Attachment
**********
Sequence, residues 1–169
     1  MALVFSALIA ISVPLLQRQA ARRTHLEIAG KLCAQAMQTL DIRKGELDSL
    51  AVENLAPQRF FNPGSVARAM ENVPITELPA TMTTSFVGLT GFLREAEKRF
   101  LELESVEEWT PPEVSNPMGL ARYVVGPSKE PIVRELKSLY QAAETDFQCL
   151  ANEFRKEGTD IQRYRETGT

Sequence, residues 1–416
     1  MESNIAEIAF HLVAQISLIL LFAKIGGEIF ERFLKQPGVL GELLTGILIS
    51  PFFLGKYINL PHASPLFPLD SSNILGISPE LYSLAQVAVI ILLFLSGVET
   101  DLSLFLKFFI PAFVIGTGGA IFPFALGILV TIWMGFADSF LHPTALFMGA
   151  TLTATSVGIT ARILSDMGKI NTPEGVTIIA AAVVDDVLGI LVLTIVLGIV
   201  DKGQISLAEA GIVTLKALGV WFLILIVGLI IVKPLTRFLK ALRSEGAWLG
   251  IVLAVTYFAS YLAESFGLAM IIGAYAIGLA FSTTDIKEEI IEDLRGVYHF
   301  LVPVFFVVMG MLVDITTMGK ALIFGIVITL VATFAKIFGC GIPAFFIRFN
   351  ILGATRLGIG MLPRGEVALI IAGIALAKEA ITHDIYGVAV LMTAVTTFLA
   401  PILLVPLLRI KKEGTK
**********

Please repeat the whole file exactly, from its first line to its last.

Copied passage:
Sequence, residues 1–169
     1  MALVFSALIA ISVPLLQRQA ARRTHLEIAG KLCAQAMQTL DIRKGELDSL
    51  AVENLAPQRF FNPGSVARAM ENVPITELPA TMTTSFVGLT GFLREAEKRF
   101  LELESVEEWT PPEVSNPMGL ARYVVGPSKE PIVRELKSLY QAAETDFQCL
   151  ANEFRKEGTD IQRYRETGT

Sequence, residues 1–416
     1  MESNIAEIAF HLVAQISLIL LFAKIGGEIF ERFLKQPGVL GELLTGILIS
    51  PFFLGKYINL PHASPLFPLD SSNILGISPE LYSLAQVAVI ILLFLSGVET
   101  DLSLFLKFFI PAFVIGTGGA IFPFALGILV TIWMGFADSF LHPTALFMGA
   151  TLTATSVGIT ARILSDMGKI NTPEGVTIIA AAVVDDVLGI LVLTIVLGIV
   201  DKGQISLAEA GIVTLKALGV WFLILIVGLI IVKPLTRFLK ALRSEGAWLG
   251  IVLAVTYFAS YLAESFGLAM IIGAYAIGLA FSTTDIKEEI IEDLRGVYHF
   301  LVPVFFVVMG MLVDITTMGK ALIFGIVITL VATFAKIFGC GIPAFFIRFN
   351  ILGATRLGIG MLPRGEVALI IAGIALAKEA ITHDIYGVAV LMTAVTTFLA
   401  PILLVPLLRI KKEGTK